Last night I posted a blog called “Wine: A Wolf in Disguise.” It was kind of a scary blog, ending with a tragic DUI story. I took it down an hour later.
But I’m done with that shit.
Writing and thinking along those lines made me ill the rest of the evening. I felt lost and disoriented, for no apparent reason, until my mind connected this discomfort to the words in that blog. Words have power, and it hurt me physically and psychically to put that story out there. I hope nobody read it.
Why did I feel so awful about it?
As I reread it, I thought it made some valid points. It contained a helpful, (I thought) not-so-subtle warning for those who might be drinking and driving to STOP THE INSANITY! My twisted logic: If this story makes one person stop and think about what could happen, if it saves one life … blah, blah, blah.
This same logic is used on a grand scale to scare people into doing all kinds of stupid things. It strikes at our basest emotions and fear-mongering tendencies. It inspires negativity and guilt. It creates panic.
What a gift to bestow upon a few lucky readers. I am profoundly sorry.
It got me thinking about how I parent. I often throw out little warnings to my (grown) children, disguised as stories about someone else. “Look at this,” I might say to my son, while innocently perusing the newspaper. “This poor guy got a DUI practically in our driveway.” Message: Don’t drink and drive, even in our neighborhood. Even for short distances. You could pay a very heavy price. Don’t do it, even though I did. Especially because I did.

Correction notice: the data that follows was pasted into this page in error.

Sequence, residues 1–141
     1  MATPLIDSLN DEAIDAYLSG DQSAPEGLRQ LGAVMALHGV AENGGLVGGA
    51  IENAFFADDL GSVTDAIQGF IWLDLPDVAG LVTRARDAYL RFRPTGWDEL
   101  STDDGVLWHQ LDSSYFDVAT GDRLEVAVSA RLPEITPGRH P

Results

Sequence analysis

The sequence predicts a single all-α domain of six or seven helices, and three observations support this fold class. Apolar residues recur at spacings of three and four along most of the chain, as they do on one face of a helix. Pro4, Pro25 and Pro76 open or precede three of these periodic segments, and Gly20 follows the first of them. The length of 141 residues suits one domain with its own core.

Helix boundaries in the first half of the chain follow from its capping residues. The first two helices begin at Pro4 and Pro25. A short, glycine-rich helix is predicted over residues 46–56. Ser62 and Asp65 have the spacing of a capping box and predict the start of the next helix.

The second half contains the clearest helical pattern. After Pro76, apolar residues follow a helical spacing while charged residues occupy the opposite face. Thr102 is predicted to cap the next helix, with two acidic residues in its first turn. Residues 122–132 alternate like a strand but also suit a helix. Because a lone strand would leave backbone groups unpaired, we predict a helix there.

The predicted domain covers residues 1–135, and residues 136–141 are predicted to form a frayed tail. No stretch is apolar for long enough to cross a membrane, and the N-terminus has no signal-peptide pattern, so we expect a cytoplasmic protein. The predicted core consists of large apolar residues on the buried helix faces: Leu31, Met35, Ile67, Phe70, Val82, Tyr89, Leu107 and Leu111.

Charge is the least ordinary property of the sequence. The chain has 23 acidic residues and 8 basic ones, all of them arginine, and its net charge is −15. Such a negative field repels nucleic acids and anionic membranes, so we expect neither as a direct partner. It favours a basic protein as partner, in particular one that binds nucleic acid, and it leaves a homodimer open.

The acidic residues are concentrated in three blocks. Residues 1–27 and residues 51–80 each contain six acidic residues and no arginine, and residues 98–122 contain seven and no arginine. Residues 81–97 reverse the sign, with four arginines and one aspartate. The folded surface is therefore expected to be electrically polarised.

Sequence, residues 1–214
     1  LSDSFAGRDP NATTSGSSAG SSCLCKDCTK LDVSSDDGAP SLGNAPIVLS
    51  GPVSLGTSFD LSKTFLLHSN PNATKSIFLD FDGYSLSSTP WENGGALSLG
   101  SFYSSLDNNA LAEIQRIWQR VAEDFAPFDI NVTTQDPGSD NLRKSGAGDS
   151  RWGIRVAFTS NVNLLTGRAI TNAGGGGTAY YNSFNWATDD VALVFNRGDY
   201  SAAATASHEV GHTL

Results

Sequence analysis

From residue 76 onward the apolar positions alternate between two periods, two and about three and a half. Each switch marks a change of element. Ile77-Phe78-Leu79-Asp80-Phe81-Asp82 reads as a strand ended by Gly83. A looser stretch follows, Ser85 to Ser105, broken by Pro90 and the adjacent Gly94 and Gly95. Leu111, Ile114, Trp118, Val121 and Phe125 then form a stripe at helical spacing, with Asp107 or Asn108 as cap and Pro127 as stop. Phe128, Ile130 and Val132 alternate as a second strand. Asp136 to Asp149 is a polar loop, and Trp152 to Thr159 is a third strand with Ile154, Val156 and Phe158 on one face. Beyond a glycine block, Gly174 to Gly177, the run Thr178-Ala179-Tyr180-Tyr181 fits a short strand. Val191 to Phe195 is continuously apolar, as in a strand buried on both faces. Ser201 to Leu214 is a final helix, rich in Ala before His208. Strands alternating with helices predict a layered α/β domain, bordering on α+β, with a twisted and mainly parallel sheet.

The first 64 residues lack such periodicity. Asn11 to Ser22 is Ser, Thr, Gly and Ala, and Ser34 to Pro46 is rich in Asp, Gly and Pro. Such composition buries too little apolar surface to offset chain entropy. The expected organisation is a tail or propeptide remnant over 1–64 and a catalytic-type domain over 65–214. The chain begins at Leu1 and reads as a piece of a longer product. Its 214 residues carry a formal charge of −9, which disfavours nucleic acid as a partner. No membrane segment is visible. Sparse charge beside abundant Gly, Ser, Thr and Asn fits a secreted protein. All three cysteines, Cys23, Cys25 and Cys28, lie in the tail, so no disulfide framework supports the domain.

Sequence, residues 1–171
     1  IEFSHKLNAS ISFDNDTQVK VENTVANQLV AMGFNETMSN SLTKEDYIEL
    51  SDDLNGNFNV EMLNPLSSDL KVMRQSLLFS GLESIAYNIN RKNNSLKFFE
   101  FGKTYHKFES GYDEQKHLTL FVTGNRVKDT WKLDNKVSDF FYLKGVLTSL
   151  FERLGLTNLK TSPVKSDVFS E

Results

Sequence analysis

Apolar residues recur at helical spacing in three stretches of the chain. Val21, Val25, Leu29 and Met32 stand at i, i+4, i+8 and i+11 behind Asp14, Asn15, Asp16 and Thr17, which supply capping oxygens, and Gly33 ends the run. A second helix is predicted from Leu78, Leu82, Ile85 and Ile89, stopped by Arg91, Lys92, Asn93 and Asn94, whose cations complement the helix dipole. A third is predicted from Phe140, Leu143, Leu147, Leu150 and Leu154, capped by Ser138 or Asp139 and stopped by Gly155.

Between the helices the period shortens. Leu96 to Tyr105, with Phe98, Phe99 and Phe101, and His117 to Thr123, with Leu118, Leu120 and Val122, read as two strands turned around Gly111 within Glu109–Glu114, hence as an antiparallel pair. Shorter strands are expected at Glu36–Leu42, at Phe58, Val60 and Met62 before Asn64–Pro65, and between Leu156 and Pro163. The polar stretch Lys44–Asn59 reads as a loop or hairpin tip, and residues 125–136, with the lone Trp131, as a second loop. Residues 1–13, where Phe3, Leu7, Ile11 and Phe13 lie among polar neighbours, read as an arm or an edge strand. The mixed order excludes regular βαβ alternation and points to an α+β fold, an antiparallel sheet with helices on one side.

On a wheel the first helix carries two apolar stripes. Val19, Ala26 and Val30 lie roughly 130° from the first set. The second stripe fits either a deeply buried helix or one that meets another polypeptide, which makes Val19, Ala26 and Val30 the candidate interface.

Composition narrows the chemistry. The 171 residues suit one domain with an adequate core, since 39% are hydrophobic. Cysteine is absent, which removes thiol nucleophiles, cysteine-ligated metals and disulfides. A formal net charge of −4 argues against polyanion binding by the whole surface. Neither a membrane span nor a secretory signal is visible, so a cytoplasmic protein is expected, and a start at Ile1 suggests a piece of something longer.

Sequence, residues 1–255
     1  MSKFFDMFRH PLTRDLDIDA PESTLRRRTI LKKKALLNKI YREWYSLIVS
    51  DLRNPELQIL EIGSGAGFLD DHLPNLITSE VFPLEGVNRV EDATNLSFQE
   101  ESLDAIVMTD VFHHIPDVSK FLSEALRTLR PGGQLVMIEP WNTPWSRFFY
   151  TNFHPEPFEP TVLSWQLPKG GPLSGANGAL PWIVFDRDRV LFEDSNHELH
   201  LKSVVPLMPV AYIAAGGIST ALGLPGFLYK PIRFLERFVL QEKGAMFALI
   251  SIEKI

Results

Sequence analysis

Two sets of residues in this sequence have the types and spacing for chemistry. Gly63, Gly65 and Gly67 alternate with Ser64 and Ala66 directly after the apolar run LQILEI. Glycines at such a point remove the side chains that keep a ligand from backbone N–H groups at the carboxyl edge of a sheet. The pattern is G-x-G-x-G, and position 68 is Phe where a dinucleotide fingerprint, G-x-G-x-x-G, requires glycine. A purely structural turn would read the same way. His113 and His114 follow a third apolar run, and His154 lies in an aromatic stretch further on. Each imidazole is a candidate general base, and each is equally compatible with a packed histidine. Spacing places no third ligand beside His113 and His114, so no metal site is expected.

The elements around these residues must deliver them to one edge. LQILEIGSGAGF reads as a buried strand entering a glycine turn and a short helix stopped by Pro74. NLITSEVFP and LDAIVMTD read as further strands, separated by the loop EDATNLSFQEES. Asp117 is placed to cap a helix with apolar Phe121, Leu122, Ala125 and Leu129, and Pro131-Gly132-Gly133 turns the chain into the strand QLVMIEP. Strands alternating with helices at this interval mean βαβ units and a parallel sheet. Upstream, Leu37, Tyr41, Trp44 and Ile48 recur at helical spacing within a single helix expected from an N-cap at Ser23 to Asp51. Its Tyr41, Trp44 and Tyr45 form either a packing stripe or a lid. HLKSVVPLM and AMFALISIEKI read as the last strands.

What I’m really thinking is I am afraid. I’m afraid for you out there in the world. Please don’t become a statistic. Please learn this lesson the easy way. Please avoid these pitfalls. I can’t stand to have you hurt.
But my son just rolls his eyes, as I did years ago with my own mother’s warning stories, and silently drinks his coffee, wondering when I became so afraid.
I resented my mother for worrying about me, even though she had good reason. But beyond a certain age, it never affected my behavior. I wasn’t listening to fear, not then.
Fear never stopped me anyway, at least not from drinking. Neither did well-meaning warnings from people I loved.
Love stopped me. Learning to love and forgive and respect myself stopped me. Regaining my power, and not giving into fear, stopped me.
Fear is paralyzing. Love is empowering.
I want that to be my message, as I see this same message in so many other people’s blogs and books — people I love and admire. My message should be love and hope and companionship and empathy and self-worth.
That’s what worked for me.
(After this long drawn out post about not blogging about “negative” things, the wonderful people in the blogging world set me straight. Writing here is about being honest, and I was not feeling particularly positive at the time this was written. I now realize that this is OK, and have reposted the original blog entry — Wine: A Wolf at the Door.)